There’s a new crispness to the air. We can all see that slight “hint” of the glorious colors about to take over our area. The football Pre-Season games are on. The kids are headed back to school. We’re all getting ready to “Jump Around” at Camp Randall! Ahhh, the season of Fall is upon us…..
What else do we know? We know winter is coming!
Have you looked at your overhead garage door lately? Probably not. Besides, why would you? It’s worked great all summer. Even though we’d all like to ignore the upcoming season that comes after our glorious fall, it is best to be preemptive. Your garage door is much more likely to fail due to lack of maintenance in the winter vs. the other seasons.
Nothing is worse than having your car stuck in your garage. Except perhaps, having tickets to the Badger’s Football game and having your car stuck in the garage! NOTHING ruins a tailgate party more than not even being able to attend. Or perhaps you’re trying to head to your child’s school event, only to discover your car is now trapped in the garage.
While preventative maintenance can’t solve all of life’s emergencies, it can solve quite a few. Here are some of the things that a Fall Tune Up can prevent (or at least predict):
Broken Cables: when was the last time your garage door’s cables were checked? When we do our 20-Point Safety Inspection one of the first things we look for are rusty or frayed cables. A rusty or frayed cable is guaranteed to fail sooner rather than later.
Worn or Bent (or missing) Rollers: If you have ever doubted the importance of garage door rollers, we would refer you to our blog from September of 2016 “Rollin’ with the Rollers. Rollers are the “wheels” that run in the vertical track, make the curve to horizontal track allowing the door to smoothly flow in the horizontal position. The horizontal position is also called the open position. Rollers that are failing will not run smoothly in the track. Rollers that do not run smoothly in the track can cause the door to stick or come off track.
Garage Door Hinges (the pieces that hold the garage door sections together): are these hinges bent or have they been compromised? Many people have accidentally “bumped” or “hit” their overhead garage door. If this has ever happened to you, those hinges have most likely been strained. Bent or broken hinges can cause other hinges to follow suit. Once enough of those hinges bend or break, the door can actually fall apart! This can occur while your car is in the garage, while you’re backing out of the garage, or almost any other time. If the sections actually become separated from the rest of the door, what was originally a quick and inexpensive repair has morphed into an entire new door purchase.
Bottom Weather Seal (also called Bottom Rubber): Have you noticed water under the garage door this spring and summer? There is a weather seal at the bottom of your garage door – on the bottom section. This is meant to keep water and snow out of your garage. If snow can seep under the garage door, the warmer temperature in the garage can cause some of that snow to melt. In the middle of the night, that snow then freezes. This freezing adheres the garage door to the cement. The next morning, when you try to open your garage door, the operator does not know the garage door is frozen. The operator can rip the operator reinforcement bracket out of the top section. It can also bend or bow that top section. That is why it is important to ensure that bottom weather seal is malleable and functioning properly.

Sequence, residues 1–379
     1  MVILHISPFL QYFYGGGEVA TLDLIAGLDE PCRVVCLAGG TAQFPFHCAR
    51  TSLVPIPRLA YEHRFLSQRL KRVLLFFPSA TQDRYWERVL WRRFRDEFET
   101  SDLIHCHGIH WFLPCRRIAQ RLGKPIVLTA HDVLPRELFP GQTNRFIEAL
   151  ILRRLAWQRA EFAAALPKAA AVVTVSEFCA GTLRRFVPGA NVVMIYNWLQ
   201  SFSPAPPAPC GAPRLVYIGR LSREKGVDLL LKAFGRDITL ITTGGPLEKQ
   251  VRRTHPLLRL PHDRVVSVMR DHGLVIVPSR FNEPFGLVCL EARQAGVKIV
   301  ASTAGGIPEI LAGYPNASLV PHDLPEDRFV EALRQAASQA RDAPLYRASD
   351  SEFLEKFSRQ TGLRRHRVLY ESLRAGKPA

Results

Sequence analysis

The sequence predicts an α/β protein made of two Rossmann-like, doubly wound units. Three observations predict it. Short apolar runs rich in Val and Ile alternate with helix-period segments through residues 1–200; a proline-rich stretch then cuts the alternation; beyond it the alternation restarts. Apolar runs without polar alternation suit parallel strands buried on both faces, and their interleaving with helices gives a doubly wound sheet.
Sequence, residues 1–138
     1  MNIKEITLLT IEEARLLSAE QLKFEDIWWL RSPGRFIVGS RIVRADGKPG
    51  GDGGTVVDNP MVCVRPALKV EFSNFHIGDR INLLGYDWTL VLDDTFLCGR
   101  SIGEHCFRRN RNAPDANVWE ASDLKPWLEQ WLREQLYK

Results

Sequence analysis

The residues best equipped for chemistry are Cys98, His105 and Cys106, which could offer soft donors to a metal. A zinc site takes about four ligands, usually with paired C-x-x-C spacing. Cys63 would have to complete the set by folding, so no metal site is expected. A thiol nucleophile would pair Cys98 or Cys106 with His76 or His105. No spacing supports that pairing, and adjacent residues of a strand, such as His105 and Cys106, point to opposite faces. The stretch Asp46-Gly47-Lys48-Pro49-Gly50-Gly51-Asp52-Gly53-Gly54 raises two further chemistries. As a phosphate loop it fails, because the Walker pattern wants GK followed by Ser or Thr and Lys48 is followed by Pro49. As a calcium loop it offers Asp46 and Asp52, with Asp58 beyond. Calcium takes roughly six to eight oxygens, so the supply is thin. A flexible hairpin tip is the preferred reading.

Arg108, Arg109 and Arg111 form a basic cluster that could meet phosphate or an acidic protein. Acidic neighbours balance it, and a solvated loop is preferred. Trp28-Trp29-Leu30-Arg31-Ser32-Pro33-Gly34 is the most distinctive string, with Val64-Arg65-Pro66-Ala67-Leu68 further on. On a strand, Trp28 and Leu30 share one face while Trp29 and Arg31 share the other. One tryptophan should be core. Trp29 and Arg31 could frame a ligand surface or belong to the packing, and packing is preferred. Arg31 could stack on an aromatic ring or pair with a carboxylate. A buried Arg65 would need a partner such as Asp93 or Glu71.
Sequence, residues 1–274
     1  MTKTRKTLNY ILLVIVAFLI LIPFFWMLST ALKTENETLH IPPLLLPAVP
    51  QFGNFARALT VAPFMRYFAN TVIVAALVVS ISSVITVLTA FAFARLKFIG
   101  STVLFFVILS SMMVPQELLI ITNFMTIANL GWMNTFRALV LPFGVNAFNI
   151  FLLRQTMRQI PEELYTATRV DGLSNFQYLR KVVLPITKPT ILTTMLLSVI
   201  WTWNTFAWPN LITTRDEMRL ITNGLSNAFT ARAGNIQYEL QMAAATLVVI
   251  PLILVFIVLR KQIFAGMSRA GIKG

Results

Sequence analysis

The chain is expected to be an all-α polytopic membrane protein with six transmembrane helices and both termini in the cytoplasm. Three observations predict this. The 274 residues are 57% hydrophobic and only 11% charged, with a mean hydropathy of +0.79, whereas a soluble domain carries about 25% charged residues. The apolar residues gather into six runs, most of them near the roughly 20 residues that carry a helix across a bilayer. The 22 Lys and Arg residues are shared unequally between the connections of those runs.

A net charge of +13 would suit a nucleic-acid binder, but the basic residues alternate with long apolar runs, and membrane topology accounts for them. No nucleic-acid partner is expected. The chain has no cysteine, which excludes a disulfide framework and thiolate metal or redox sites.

Lubrication: when was the last time your garage door was lubricated? This may seem like a simple fix. However, it is most often neglected. Stiff metal materials can still operate for a while. Once the temperatures drop below zero, those stiff materials can become immovable. Machinery in motion, with immobile parts, turns into broken machinery. The garage door is a perfect example of this.
The Nuts and Bolts: are any of the nuts and bolts on your overhead garage door loose? Over time, the simple vibration of every day garage door use can cause the nuts, bolts and fasteners to become loose. These need to be inspected at least twice a year to ensure optimum performance.
Operator Gears: is the gear assembly inside your operator still in good shape? Worn or frayed gears are gears giving you a “warning sign.” That could indicate the operator is about to fail.
All too often our garage door and operator gives us plenty of warning signs. Maybe the door is a little louder than it once was. Perhaps it is a little slower to respond. There could be a rattle, or some other such noise. It is easy in the everyday business of life to allow these little signs to be overlooked.
Take the guesswork out of these potential problems. Doing so could avoid frustration and excessive costs later. Schedule your Fall Tune-Up today!